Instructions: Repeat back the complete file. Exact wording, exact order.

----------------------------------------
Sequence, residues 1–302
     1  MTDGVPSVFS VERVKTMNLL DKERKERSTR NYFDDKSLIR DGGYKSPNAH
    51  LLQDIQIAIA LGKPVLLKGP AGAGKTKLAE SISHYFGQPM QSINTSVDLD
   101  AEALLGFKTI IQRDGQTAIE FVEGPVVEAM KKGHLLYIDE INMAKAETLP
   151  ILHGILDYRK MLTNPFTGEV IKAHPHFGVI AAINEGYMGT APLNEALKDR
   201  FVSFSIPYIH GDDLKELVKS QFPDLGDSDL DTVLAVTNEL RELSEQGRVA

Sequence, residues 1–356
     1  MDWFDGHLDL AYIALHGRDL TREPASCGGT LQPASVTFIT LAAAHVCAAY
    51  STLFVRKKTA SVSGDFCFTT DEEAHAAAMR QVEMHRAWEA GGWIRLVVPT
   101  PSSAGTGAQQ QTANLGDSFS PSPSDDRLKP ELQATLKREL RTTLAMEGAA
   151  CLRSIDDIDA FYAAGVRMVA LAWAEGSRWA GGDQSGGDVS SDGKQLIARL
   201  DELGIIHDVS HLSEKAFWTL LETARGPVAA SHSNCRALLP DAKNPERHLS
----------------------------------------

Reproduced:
Sequence, residues 1–302
     1  MTDGVPSVFS VERVKTMNLL DKERKERSTR NYFDDKSLIR DGGYKSPNAH
    51  LLQDIQIAIA LGKPVLLKGP AGAGKTKLAE SISHYFGQPM QSINTSVDLD
   101  AEALLGFKTI IQRDGQTAIE FVEGPVVEAM KKGHLLYIDE INMAKAETLP
   151  ILHGILDYRK MLTNPFTGEV IKAHPHFGVI AAINEGYMGT APLNEALKDR
   201  FVSFSIPYIH GDDLKELVKS QFPDLGDSDL DTVLAVTNEL RELSEQGRVA

Sequence, residues 1–356
     1  MDWFDGHLDL AYIALHGRDL TREPASCGGT LQPASVTFIT LAAAHVCAAY
    51  STLFVRKKTA SVSGDFCFTT DEEAHAAAMR QVEMHRAWEA GGWIRLVVPT
   101  PSSAGTGAQQ QTANLGDSFS PSPSDDRLKP ELQATLKREL RTTLAMEGAA
   151  CLRSIDDIDA FYAAGVRMVA LAWAEGSRWA GGDQSGGDVS SDGKQLIARL
   201  DELGIIHDVS HLSEKAFWTL LETARGPVAA SHSNCRALLP DAKNPERHLS